• Discomfort or pain when having sex or urinating.

Trich can develop into the following conditions if left untreated:

  • Inflammatory disease of the pelvis
  • Fertility problems
  • Urethra infections

Antibiotics can be used in the treatment of trich.

  1. Pubic Lice ('crabs')

These are tiny insects that can dwell in one's pubic hair. Just like body lice and head lice, they also feed on human blood. Another name for pubic lice is "Crabs."

The common signs of pubic lice are:

  • Irritability
  • Small reddish or pinkish bumps around the genitals or anus.
  • Energy loss
  • Genital or anal itching
  • Low-grade fever

Also, a magnifying glass can be used to spot the lice or their tiny whitish eggs around the roots of genital hair.

You can get rid of pubic lice by using tweezers to remove them or using over-the-counter topical treatments. You should also clean your bedding, towels, clothes and home very well.

It is important to treat pubic lice infestations immediately as they can begin to spread to other individuals via skin-to-skin contact or sharing of bedding, towels or clothing. Also, if pubic lice are left untreated, scratched bites can get infected.

  1. Herpes

The herpes simplex virus (HSV), which is shortened to herpes, is a very common STD. The virus has two major strains, which are; HSV-1 and HSV-2. Both strains are sexually transmitted. According to a study, over 1 person out of 6 people within the age brackets of 14 to 49 years of age have herpes in the US.

  • HSV-1

HSV-1 is the basic underlying cause of oral herpes, which causes cold sores. During oral sex, HSV-1 can also be transmitted to an individual's genitals from another individual's mouth. In this case, genital herpes can be caused by HSV-1.

  • HSV-2

HSV-2 is responsible for genital herpes. Blistery sores are the most prevalent symptom of herpes. They develop on or around the mouth in the case of oral herpes, and they develop on or around the genitals in the case of genital herpes.

Herpes sores are known to mostly cause a lot of pain during their first outbreak. However, the herpes sores generally crust over and begin to heal within a couple of weeks, and over time, the caused by the outbreak generally begins to reduce and fade off.

Pregnant women need to be screened for HSV as a pregnant woman who has a positive HSV status stands the risk of transmitting the disease to the foetus in her womb or to her new-born child during labour. This is called congenital herpes, and it is very lethal to new-born infants.

There are a couple of medications that are available to help curb the spread of herpes sores and also reduce the pain it causes. These medications can also reduce the risks of transmitting herpes to one's sexual partner. There is not yet a medication that cures herpes.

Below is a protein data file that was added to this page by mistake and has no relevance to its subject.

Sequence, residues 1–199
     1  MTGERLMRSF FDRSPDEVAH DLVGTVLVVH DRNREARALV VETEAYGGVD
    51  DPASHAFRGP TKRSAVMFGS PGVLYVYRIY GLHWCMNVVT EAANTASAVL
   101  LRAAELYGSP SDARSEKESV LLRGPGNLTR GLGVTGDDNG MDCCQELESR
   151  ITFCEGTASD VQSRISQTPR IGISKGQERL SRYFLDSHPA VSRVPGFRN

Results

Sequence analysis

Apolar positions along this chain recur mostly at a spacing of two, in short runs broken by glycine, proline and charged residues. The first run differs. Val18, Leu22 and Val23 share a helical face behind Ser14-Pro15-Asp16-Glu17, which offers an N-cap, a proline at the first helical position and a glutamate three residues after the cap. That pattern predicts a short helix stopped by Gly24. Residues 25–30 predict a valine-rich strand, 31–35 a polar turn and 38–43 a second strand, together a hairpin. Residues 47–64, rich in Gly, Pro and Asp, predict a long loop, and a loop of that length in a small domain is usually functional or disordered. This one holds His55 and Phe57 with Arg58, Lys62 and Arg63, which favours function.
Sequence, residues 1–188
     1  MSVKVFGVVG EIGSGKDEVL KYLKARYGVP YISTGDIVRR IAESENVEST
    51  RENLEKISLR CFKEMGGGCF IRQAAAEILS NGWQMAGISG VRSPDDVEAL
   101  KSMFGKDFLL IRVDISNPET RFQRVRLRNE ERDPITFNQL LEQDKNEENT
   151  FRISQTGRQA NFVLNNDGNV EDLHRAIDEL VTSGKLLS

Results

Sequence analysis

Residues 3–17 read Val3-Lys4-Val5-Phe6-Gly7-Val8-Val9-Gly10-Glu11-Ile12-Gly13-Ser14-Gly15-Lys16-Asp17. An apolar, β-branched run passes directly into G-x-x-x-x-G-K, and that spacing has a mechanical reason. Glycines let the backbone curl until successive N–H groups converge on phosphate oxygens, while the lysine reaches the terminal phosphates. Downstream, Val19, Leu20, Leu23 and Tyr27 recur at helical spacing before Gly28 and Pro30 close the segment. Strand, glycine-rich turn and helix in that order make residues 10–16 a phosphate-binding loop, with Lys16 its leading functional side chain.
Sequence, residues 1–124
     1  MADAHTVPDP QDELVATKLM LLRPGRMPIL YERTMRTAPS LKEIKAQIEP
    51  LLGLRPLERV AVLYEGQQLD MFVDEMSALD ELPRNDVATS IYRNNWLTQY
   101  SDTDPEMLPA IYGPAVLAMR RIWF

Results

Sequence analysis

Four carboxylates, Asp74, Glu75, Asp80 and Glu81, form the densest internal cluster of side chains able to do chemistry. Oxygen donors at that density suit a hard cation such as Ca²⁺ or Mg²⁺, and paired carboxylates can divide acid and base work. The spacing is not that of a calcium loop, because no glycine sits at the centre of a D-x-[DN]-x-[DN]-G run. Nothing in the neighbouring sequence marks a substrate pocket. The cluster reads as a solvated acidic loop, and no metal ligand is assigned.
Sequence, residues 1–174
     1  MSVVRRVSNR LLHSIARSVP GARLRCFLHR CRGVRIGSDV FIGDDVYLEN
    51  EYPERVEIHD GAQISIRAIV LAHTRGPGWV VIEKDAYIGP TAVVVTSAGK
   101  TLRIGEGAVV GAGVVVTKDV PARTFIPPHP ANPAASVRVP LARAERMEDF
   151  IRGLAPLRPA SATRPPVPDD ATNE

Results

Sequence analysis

It is beneficial to get information on safe sexual practices and effective treatments that can help you to prevent, recognise, live a comfortable life with herpes and also prevent the virus from spreading to other people.

  1. HIV

HIV is the shortened form for the human immune-deficiency virus. The virus causes damage to the host's immune system and increases the threat of developing other viruses or bacteria and some cancers. HIV, if left untreated, can develop into AIDS (acquired immunodeficiency virus), which is the third stage of HIV. However, many people today don't usually develop AIDS as a result of advancement in modern medicine.

The signs of HIV can easily be confused with that of the flu. This mistake occurs during the acute or initial stages of HIV. The initial signs of HIV are:

  • Body pains and aches
  • Sore throat
  • Fever
  • Nausea
  • Swollen lymph nodes
  • Chills
  • Rashes
  • Headache

However, these early symptoms generally vanish within one month or so. And for many years, a person may continue to carry HIV without exhibiting any further or severe symptoms. In some cases, others may experience nonspecific signs, such as:

  • Headaches
  • Recurrent fatigue
  • Stomach problems
  • Fevers

There are treatment plans available for managing HIV, as there is not yet a cure for it. It is beneficial for HIV-infected individuals to go for early and effective treatment. This can help them to live just as long as individuals who do not have the virus.

The odds of passing HIV to a sexual partner can be reduced through adequate treatment. As a matter of fact, the level of HIV in one's body can be largely reduced to insignificant amounts as a result of treatments. According to the CDC, HIV cannot be passed to other individuals when it is at insignificant and minimal levels.

The CDC recommends that individuals within the age brackets of 13 to 64 years old, should be screened at least once to promote early diagnosis and treatment. However, individuals who have an increased threat of HIV should be screened at least once annually, even if symptoms are not evident. This is because a lot of individuals do not know that they have the virus without constant screening.

In most developed and developing countries, there are free and confidential screening centres and public health clinics, where testing can be done.

It is good to know that modern advancements in medicine have made it possible to live longer and healthier as other individuals who do not have HIV.

  1. Chlamydia

According to the Centres for Disease Control and Prevention (CDC), chlamydia is the most prevalent sexually transmitted disease reported among Europeans. It is caused by a particular kind of bacteria.

Some symptoms manifest with chlamydia, although most people do not have observable symptoms. The signs that may manifest usually include:

  • Yellowish or greenish discharge from the vagina or penis